We know that a visit to most women’s closets will reveal clothing that was intended for men or often boys (sweaters, jeans, T-shirts). In my own life, my stepdaughters borrow my coats all the time. But for many traditional men wearing, much less shopping women’s clothing or shoes can be embarrassing. Yes, but. In Chelsea there used to be a clothing/shoe store that catered to the drag queen market with dramatic stilettos in men’s size 13. Rule? With today’s changing norms, make the shoe department welcoming for any self-identifying customer. Case in point, at the new Croc’s store when I asked about the separation of genders, I got a rude look. Some shoes like flipflops and crocs are crossover hits and intentionally gender neutral. But for sneakers (at least for the time being) I stand by my fifth rule.

Rule Seven

One very simple rule to upsell shoe sales is merchandise matching socks and stockings. Or go a step further; at the SJP Collection store on my corner I loved their suitcase specially designed to carry a whole shoe collection – just like the store’s namesake’s role, Carrie Bradshaw.

The Shoe Evolution

The broader landscape for men’s shoes is changing.

  • Slip-on, slip-off has taken on new meaning driven in part by the Asian and Middle Eastern customer who slips off shoes inside the doorway to a home as the custom. We do it in my homes now as a way to keep the floors and carpets clean.
  • It’s interesting to look at the evolution of the shoelace/tie shoe. When the laces still exist, they are usually nonfunctional, intentionally unlaced or treated as accessories. Or more likely the case, secured by Velcro or elasticized lace toggles.
  • For men the rubber sole has largely trumped the leather sole. It’s driven by walking and utility when using of public transportation. It’s also comfort. And style. The era of the stylish white sole for men’s slip-ons popularized by the tech crowd is slowly fading. Performance shoes have become status symbols in any culture, especially when a pair of Jordans can resell for up to $100,000. And just look at what happened to Yeezey and Adidas’s $540 million loss.

There are changes afoot for women as well.

  • As more women step into conservative professions – law, insurance, banking, and business — they tend to wear uniforms. Whether it’s suits, skirts, and pants, the style is typically about blending in rather than standing out. It’s an occupational standard for all genders in the same jobs. Where they can express their sense of style is in their shoes and jewelry. That said, we have a colleague who worked for Nielsen several years ago when the workforce was told, “no open-toed shoes,” which started a protest in response.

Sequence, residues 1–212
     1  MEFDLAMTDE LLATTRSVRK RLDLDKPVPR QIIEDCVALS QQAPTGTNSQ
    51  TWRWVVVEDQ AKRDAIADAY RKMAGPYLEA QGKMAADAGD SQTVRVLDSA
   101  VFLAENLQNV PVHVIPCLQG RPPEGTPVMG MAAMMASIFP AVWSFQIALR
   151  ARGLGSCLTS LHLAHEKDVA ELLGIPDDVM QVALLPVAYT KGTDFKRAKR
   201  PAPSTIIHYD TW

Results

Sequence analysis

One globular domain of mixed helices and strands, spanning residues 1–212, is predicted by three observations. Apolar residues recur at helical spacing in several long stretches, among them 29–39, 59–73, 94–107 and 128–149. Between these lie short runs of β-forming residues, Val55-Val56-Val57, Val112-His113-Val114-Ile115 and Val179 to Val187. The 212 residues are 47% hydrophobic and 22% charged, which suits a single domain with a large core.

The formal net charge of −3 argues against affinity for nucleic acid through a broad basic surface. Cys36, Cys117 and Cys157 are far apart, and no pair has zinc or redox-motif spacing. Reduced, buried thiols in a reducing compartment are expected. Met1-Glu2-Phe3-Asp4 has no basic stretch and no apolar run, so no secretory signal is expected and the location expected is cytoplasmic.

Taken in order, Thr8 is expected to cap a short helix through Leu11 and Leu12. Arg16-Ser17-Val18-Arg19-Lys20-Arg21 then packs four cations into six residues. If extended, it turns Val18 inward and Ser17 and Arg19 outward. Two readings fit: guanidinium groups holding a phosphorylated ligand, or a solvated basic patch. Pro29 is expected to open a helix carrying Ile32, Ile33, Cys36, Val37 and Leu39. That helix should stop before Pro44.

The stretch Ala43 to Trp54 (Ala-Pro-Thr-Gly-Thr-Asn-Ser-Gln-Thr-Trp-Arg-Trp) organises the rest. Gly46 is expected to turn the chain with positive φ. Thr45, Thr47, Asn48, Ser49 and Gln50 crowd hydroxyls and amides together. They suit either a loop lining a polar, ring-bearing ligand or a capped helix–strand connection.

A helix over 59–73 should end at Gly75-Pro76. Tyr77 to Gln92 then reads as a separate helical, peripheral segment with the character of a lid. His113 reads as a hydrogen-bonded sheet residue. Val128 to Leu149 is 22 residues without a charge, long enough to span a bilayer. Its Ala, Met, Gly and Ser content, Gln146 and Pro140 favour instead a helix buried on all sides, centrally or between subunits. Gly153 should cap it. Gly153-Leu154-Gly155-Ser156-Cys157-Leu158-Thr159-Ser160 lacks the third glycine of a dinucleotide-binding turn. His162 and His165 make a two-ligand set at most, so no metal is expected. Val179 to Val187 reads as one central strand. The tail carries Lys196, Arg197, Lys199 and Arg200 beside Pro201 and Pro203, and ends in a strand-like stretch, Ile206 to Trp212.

• In our research, we have noted the number of women that change their shoes over the course of the work day. They have one pair under their desk to wear to and from work another pair they wear at work, and possibly a third for post-work evening events.
  • The friction between great looking shoes that aren’t crippling and utilitarian shoes that aren’t stylish continues every season. In a car culture, it’s less of an issue. But for urban women, comfort generally wins out, which has made the kitten heel the new style of choice to bridge both worlds.

Shoe Service

Going to the shoemaker to get your shoes resoled and heeled still happens, but with the evolution of shoe design and the rubber sole, the shoemaker’s role has shrunk. But shoes still wear out, whether it’s from a year of heavy wear, or decades of dancing in party shoes. Most of us are comfortable throwing shoes away or giving them to secondhand stores. With the trend in upcycling and recycling, shoes are finding a second life with new owners and saving the landfills at the same time

The Major Disruptor

Although the Zappos story is now decades old, it still leads as a massive disruptor and headache for shoe manufacturers. We all know the routine. Buy multiples to determine the right size and style and return all the rejects. It’s customer friendly, but a shipping, packaging, and inventory nightmare. What I don’t understand is why Zappos doesn’t have my personal CRM file which identifies what size I would wear across different manufacturers. I found Merrells almost a decade ago. While the first pair was bought in a shoe store, the 15 subsequent pairs were bought online. So, why doesn’t Merrells know me? It’s time for one of those data analytics crackerjacks to analyze my online purchases over time and do some direct marketing, introducing new colors, or like Alexa telling me before realize it that it’s time for a new pair.